- Katey Walter Anthony, Primary Investigator, UAF Institute of Northern Engineering
- Dennis Witmer, Co-Investigator, UAF INE Arctic Energy Technology Development Laboratory
- Matthew Wooler, Co-Investigator, UAF INE Alaska Stable Isotopes Facility
- Gwen Holdman, Co-Investigator, UAF INE Alaska Center for Energy and Power
- Jack Schmid, Engineering Associates UAF INE Arctic Energy Technology Development Laboratory
- Tom Johnson, Engineering Associates, UAF INE Arctic Energy Technology Development Laboratory
- Melissa Smith, Undergraduate Student, UAF Institute of Northern Engineering
Regional map of Northern Alaska showing the location of Atqasuk, a rural village surrounded by natural methane gas seeps
To evaluate the potential for environmentally responsible development of unconventional natural gas from seeps near the remote Alaskan village of Atqasuk for local space heating and power generation. Research priorities include identifying and evaluating the quantity, quality, and location of natural seeps, as well as determining potential capture and transport mechanisms necessary for future resource development.
Methane (CH4) in natural gas is a major energy source in the U.S., and is used extensively on Alaska’s North Slope, including the oilfields in Prudhoe Bay, the community of Barrow, and the National Petroleum Reserve, Alaska (NPRA). Smaller villages, however, are dependent on imported diesel fuel for both power and heating, resulting in some of the highest energy costs in the U.S. and crippling local economies. Numerous CH4 gas seeps have been observed on wetlands near Atqasuk, Alaska, (in the NPRA) and initial measurements have indicated very high flow rates. Gas samples collected in 1996 indicated biogenic origin, although more recent sampling indicated a mixture of biogenic and thermogenic gas. This study will:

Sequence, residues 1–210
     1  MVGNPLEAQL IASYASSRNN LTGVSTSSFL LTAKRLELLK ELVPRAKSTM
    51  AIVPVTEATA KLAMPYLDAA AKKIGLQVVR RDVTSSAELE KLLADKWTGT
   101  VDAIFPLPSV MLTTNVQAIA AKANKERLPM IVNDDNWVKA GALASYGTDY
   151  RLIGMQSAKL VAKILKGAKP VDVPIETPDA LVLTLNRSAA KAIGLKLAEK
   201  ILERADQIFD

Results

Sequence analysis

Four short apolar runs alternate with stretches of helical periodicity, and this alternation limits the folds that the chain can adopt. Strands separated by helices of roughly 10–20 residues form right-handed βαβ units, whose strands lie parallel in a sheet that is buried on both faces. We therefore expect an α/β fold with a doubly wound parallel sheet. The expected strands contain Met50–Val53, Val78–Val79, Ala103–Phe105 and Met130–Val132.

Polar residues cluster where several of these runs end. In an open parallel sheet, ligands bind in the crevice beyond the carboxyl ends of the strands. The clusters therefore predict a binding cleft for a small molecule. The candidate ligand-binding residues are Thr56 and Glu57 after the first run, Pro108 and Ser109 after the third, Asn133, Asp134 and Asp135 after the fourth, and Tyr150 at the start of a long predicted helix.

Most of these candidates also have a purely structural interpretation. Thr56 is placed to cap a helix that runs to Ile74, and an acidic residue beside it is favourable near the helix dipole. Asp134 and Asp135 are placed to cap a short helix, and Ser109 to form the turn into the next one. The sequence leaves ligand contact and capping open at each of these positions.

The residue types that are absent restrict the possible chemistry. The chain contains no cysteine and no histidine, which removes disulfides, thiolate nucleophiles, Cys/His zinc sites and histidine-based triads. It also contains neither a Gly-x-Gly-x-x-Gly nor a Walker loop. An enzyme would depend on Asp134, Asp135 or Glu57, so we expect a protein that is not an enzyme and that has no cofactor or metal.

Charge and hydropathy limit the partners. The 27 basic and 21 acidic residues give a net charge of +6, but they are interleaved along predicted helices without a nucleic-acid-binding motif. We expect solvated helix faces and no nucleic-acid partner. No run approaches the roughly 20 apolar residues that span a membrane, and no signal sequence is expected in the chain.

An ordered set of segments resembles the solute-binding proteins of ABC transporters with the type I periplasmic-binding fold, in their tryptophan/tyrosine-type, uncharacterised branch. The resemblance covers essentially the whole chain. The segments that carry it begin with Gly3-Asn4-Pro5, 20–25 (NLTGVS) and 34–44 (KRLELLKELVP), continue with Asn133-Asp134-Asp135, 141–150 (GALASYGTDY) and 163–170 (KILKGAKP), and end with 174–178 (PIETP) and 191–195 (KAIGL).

- quantify the amount of CH4 generated by these seeps and evaluate their potential use as an unconventional gas source for the village of Atqasuk and
- collect gas and analyze its composition from multiple seeps several miles apart to see if the source is the same, or if gas is being generated locally from isolated biogenic sources, and to identify the source of CH4 (decomposition of biomass, CH4 from coal seams, dissociating gas hydrates, or deep conventional gas) and
- assess the magnitude of natural CH4 gas seeps for future use in climate change modeling.
- CH4 seeps reported in the Atqasuk area shown as white dots
- the Qalluuraq Lake Q seep, shown from the air
- water surface of Lake Q in Auguat 2007 and
- water surface of Lake Q in January 2008
These seeps are of interest as an energy source given preliminary measurements of high flow rates and CH4 concentration.
Potential benefits of the project are:
- Reduction in the consumption of diesel fuel in Atqasuk both for power generation and home heating (approximately 500,000 gallons per year)
- better understanding of the gas resources in the NPRA area, with potential larger markets
- on the climate change side, quantifying natural seeps to atmospheric CH4 sources may change our understanding of the global balance between human and natural sources.
Recent work revealed that seeps may contribute as much as 50-70 million tones of atmospheric CH4 per year, or ~10% of global sources. Additionally, capture and use of CH4 from seeps mitigates global climate change in two ways: Combusting CH4, a potent greenhouse gas (CH4 is 25 times stronger than CO2 on a per molecule basis), converts it to the weaker greenhouse gases, CO2 and H2O; and use of local CH4 reduces energy consumption associated with diesel usage and shipping to remote villages.